The days flew by, and apparently all was harmonious in the little school. Agnes clung more closely than ever to Irene. Irene had considerably altered. She was no longer specially wild. She was so much absorbed in watching Agnes, in seeing that no one else put in any claim with regard to this small girl, that she had no time to think of being mischievous. Besides, she had her lessons to attend to; and lessons under Miss Archer, and Mademoiselle Omont, and, still more, under the different masters who attended to the school, were of the most stimulating character. The child seemed to imbibe knowledge with a rapidity which astonished all those who watched her. She understood the meaning of a thing at a glance, and it was soon perceived that, in addition to her extraordinary and very remarkable beauty, she was also a genius, or almost that, for she had a natural talent for all sorts of things: for music, which she could already play impromptu, bringing out wild melodies on the piano to which her hearers felt they could go on listening for ever. Of course, the mistresses were supposed not to approve of this sort of playing, and tried to tie Irene down to the usual exercises and the different methods for bringing strength to the fingers. Irene did attend to these lessons, but only in a sort of half-hearted way; soon she broke again into those wild melodies which seemed to pierce the heart and get more or less to the soul of the little performer.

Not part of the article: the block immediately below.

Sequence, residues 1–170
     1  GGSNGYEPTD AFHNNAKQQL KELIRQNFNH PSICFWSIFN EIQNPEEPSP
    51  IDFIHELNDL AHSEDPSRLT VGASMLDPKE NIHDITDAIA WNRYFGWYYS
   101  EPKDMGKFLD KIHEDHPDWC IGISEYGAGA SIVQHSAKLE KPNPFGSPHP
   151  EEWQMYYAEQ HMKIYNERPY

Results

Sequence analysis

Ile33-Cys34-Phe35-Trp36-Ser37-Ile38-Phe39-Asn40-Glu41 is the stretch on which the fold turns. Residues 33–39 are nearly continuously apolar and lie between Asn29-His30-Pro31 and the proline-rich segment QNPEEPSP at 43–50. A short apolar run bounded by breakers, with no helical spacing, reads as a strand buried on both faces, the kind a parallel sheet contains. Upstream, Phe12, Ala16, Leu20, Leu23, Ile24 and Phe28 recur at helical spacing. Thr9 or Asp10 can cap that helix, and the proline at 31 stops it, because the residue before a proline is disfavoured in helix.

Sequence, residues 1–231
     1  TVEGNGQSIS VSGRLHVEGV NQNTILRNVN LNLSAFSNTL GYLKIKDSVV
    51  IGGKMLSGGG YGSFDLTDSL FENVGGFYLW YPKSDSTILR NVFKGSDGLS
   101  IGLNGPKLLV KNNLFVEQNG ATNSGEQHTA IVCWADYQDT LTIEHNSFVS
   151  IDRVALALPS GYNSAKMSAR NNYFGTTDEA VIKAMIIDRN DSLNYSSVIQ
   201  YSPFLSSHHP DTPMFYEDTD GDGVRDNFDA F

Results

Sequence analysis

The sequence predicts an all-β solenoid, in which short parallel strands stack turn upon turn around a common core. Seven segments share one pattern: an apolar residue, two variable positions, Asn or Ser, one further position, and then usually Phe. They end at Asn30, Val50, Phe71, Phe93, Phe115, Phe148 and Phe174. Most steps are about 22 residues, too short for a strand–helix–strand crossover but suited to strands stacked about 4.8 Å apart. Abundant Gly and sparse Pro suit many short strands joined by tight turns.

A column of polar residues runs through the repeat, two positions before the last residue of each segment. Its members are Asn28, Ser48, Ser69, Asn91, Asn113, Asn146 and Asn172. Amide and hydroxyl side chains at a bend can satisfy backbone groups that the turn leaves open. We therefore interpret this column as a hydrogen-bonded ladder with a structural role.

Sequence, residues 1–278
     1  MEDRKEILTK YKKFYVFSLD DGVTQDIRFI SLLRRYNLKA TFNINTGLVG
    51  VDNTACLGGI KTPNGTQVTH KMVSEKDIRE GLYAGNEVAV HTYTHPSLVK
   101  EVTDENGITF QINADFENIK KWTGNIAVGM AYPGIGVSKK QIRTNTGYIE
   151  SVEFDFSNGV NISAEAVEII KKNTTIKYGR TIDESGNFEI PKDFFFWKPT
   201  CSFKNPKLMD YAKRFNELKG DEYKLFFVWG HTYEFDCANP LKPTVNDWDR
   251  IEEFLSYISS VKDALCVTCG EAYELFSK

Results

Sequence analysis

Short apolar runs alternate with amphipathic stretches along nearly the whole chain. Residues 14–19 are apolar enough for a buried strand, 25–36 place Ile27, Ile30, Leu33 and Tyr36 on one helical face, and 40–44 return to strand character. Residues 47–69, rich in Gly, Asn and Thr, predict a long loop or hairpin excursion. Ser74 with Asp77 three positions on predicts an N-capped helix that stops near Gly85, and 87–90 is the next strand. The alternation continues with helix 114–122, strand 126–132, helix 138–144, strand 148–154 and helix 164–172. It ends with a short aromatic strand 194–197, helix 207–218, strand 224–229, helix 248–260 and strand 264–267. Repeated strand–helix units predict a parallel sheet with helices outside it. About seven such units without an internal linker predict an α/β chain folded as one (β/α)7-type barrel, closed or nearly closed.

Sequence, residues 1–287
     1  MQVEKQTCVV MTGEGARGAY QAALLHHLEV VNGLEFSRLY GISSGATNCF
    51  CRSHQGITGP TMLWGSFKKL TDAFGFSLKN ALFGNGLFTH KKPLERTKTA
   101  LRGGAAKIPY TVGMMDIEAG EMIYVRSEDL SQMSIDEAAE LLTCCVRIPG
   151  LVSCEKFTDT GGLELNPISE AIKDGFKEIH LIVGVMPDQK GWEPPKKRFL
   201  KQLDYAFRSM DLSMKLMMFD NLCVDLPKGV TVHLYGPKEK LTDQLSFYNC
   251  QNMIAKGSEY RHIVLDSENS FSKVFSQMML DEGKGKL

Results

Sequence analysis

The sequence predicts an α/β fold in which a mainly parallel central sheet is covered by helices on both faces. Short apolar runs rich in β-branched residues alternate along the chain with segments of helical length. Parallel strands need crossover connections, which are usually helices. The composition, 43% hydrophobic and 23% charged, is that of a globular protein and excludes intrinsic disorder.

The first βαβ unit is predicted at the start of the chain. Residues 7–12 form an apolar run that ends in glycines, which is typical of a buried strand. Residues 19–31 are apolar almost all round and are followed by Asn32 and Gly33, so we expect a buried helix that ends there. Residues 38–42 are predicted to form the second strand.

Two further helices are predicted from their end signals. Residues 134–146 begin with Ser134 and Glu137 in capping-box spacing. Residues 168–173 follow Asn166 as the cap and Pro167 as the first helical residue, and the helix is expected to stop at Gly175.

The boy obeyed her directions. Whatever she might have thought of him a minute ago, he was indeed no coward. He pulled with all his might and main. Irene did likewise, and in a few minutes' time they were out of the dangerous current, in smooth water. But it was a close shave, and the girl's hands trembled and for a minute she dropped her oar.
"My dear, dear Miss Cunliffe, how had you the courage to go with her in that terrible boat? She actually took you into the current¡ªthat appalling current where one is so powerless¡ªand you escaped!"
"Of course not. It is very selfish of me; but I miss her all the same."
"You won't be long with her, will you?"
"It seems hardly worth while," said Phyllis.